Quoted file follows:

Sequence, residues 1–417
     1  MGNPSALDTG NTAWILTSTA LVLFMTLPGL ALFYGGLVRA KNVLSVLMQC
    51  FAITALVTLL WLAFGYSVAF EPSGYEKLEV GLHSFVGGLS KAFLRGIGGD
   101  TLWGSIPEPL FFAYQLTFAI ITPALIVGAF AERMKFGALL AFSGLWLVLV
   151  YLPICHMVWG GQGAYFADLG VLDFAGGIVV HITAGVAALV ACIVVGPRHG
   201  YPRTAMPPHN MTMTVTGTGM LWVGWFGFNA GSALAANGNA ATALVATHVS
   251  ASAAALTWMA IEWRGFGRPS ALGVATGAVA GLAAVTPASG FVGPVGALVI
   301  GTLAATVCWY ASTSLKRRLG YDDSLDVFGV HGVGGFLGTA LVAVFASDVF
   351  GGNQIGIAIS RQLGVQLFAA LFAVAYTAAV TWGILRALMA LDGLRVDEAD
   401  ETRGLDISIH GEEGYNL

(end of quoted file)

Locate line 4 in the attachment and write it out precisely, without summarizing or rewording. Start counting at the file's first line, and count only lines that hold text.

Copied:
   101  TLWGSIPEPL FFAYQLTFAI ITPALIVGAF AERMKFGALL AFSGLWLVLV